Such wealth-generating prospects have attracted more new investors to crypto, as well as the attention of authorities.
"Right now, we just don't have adequate investor protection in crypto," Gary Gensler, chair of the Securities and Exchange Commission, said last summer in a speech, referring to it as the "Wild West."
"In certain uses, this asset class is riddled with fraud, frauds, and misuse," he stated. "How crypto assets function is surrounded by a lot of hype and spin. Investors are frequently unable to get thorough, impartial, and full information."
Analysts believe Binance will agree to submit transactions to US officials searching for money laundering and terrorism funding, among other concerns.
One of Binance's "basic rights" is stringent regulation of markets that offer "derivatives and leveraged products," which may be profitable but also potentially hazardous for investors.
According to Zhao, most authorities across the globe are concentrating on "know your customer" requirements, which require financial firms to verify the identities of those who use their services. They're also focused on consumer safeguards.
Even still, "different nations have various interpretations and meanings for these really simple phrases," Zhao explained. Anti-money laundering efforts in the United States, for example, are focused on preventing terrorist funding, but Chinese officials are more concerned with people transferring money out of the country.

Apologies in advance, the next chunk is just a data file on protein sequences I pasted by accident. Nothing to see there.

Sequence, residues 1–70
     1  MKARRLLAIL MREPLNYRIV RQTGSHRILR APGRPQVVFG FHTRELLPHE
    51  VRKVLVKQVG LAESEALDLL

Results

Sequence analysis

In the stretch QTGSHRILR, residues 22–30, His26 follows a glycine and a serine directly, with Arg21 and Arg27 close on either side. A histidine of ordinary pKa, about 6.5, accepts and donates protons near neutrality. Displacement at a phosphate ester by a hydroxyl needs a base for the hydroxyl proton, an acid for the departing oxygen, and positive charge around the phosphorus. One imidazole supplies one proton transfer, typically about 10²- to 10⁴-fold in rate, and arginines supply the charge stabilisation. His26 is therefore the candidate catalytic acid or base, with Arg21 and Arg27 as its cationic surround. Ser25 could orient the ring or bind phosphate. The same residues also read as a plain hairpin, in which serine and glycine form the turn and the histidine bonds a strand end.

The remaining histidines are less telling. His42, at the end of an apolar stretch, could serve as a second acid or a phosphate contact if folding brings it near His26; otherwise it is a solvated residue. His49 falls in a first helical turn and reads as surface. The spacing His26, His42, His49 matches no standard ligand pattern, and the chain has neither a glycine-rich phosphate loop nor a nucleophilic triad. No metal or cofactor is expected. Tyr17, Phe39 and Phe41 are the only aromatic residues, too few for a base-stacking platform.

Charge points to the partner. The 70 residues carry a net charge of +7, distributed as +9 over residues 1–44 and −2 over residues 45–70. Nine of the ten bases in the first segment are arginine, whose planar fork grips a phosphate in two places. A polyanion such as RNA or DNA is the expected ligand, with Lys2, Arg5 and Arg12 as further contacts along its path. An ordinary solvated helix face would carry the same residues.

According to Campbell Harvey, a Duke University finance professor who recently published "DeFi and the Future of Finance," regulators are catching up with complex and fast-moving technologies while attempting to strike a balance between protecting investors and not squashing or driving innovation to other countries.
The stakes are getting higher for doing it right. Some large institutional investors, including pension funds, are staying away from crypto due to the uncertainties around future regulation. And that's where the industry's possibility for even more money resides.
Given the complications, Harvey believes that creating a new body to supervise cryptocurrencies and the ecosystem surrounding them, rather than depending on a patchwork of regulatory agencies, is the best option.
"It's complicated," he continued, "and it doesn't fit many of the traditional regulatory frameworks."
Zhao, who claims to hold solely Bitcoin BTCUSD,-0.74 percent and Binance coin, believes that some aspects of the cryptocurrency realm resemble securities, while others resemble commodities or currencies. People may generate new tokens with just a few mouse and keyboard clicks, and the ecosystem is increasing by the day.
He compared it to the early days of the internet, when people were unsure what type of media it was. Is it a radio station? TV? Is there anything else?
"People may have a propensity to see crypto as a single asset," he continued, "which I believe is a little bit inaccurate." "Crypto is a foundational technology that has the potential to enhance many traditional asset kinds."